Camera-based context retrieval applications are a set of services that provide information about the user environment based on a geo-located picture. Traditionally, to retrieve the information, the server was in charge of computing the features of a taken picture and matching it with the ones present on a database. Our design proposes the substitution of still image capturing for real-time video frame analysis that is able to compute the features required for the image matching on the fly. In our approach, each single video frame shown in the viewfinder is analyzed to extract the relevant features. Only the new features extracted on this single frame are sent to the server along with the registration parameters that compose a feature-cloud panorama. To increase the robustness of the system, only high quality frames are selected for the feature mosaic composition. A moving objects detection stage can discard the undesired detected features. The experiments show that by moving most of the computation to the device, the bandwidth is reduced considerably and the chances of a successful matching improve with the large number of accurate features detectable on a video sequence. The general approach based on feature extraction, registration and object detection for video frames, is achievable at a high frame rate.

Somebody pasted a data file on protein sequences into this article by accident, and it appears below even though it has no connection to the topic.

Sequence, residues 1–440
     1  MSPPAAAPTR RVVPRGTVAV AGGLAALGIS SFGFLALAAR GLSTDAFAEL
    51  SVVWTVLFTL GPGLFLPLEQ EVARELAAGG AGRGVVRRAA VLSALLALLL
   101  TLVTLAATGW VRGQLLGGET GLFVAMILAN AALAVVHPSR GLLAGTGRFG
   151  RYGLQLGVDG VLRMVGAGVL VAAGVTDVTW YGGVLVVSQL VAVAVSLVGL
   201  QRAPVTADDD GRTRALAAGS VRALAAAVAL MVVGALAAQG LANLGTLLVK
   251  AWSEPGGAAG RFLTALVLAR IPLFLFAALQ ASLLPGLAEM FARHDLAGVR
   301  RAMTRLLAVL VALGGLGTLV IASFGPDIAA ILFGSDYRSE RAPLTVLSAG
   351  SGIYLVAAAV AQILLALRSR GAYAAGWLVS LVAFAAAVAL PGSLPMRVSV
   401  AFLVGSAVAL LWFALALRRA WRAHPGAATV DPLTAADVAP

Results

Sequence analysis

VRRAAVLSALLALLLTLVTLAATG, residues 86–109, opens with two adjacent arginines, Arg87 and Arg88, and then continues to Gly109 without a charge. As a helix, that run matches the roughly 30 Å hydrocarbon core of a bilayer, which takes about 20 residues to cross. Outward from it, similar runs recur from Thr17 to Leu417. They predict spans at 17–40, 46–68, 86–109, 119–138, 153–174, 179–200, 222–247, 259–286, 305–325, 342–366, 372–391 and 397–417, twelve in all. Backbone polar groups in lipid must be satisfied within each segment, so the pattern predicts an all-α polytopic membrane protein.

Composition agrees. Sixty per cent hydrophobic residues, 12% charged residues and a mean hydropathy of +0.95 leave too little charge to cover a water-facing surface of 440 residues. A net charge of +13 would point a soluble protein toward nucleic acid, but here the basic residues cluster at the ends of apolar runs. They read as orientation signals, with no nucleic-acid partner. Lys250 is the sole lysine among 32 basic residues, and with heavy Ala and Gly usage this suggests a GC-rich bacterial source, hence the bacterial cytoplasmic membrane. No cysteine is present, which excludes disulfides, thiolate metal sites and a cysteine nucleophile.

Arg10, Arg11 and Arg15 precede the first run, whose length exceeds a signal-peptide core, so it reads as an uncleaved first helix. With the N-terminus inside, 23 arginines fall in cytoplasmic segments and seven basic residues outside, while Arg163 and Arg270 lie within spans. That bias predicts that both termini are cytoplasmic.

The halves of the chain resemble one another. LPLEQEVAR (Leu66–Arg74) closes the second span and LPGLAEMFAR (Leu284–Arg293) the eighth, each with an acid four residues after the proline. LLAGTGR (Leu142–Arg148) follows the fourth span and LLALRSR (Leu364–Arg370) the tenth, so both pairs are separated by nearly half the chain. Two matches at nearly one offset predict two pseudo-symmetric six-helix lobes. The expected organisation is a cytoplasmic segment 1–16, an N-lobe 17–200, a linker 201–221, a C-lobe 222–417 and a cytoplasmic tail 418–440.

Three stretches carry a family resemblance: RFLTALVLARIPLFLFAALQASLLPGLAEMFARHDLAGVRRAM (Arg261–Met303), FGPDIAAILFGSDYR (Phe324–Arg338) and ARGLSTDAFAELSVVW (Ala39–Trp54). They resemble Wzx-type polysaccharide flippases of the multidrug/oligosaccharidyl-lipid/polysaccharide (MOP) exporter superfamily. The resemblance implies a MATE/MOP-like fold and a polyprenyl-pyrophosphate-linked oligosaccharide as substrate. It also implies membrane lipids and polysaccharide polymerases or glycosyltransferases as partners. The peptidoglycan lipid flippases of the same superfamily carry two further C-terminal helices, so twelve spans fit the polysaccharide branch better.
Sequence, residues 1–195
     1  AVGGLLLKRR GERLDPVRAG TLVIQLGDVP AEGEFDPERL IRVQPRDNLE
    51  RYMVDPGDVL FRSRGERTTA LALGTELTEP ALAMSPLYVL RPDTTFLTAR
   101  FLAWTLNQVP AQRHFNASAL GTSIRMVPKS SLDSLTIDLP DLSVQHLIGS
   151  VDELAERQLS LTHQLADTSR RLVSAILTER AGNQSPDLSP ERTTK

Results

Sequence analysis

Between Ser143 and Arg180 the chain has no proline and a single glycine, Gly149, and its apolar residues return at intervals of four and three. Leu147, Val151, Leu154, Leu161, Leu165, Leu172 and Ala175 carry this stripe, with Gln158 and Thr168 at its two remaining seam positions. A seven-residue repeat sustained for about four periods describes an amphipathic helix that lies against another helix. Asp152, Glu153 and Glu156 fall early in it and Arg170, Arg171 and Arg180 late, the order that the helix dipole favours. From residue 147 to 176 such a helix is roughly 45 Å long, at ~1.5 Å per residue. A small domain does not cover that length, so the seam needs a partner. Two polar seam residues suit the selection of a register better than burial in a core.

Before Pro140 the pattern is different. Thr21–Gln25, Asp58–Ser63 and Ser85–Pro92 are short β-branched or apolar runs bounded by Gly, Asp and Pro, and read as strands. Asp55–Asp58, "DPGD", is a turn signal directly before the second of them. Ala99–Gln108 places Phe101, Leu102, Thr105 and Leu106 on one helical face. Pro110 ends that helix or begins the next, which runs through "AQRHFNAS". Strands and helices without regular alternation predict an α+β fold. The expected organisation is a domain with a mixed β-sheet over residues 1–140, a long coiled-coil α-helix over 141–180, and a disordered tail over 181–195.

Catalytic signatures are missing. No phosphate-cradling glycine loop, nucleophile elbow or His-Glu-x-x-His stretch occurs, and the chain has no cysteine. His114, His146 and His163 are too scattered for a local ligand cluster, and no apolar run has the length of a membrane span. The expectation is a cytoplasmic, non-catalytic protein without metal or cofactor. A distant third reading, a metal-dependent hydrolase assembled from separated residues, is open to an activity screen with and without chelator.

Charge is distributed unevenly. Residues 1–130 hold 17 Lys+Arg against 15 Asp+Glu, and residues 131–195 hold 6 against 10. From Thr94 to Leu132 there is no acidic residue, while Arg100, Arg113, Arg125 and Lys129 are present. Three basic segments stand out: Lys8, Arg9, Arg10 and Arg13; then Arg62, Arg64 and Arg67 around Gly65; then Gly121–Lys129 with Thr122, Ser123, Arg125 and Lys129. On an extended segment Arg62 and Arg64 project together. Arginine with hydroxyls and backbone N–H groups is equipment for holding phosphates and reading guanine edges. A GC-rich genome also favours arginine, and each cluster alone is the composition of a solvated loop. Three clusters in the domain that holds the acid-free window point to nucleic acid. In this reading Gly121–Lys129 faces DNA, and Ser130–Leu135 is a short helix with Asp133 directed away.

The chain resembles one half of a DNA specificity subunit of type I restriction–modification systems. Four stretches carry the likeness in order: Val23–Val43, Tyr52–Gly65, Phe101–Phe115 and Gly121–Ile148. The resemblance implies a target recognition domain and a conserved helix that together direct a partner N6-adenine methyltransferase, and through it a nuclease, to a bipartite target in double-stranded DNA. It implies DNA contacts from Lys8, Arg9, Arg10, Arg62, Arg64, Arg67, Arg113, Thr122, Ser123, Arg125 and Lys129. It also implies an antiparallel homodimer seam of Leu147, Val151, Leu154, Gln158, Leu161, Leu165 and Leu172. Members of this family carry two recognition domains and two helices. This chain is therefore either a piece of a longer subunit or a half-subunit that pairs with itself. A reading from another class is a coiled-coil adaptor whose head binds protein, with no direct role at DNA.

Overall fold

|Title of host publication||Proceedings of the 2011 International Workshop on Applications, Systems, and Services for Camera Phone Sensing (MobiPhoto 2011), Penghu, Taiwan, 26.6.2011|
|Number of pages||5|
|Publication status||Published - 2011|
|MoE publication type||Not Eligible|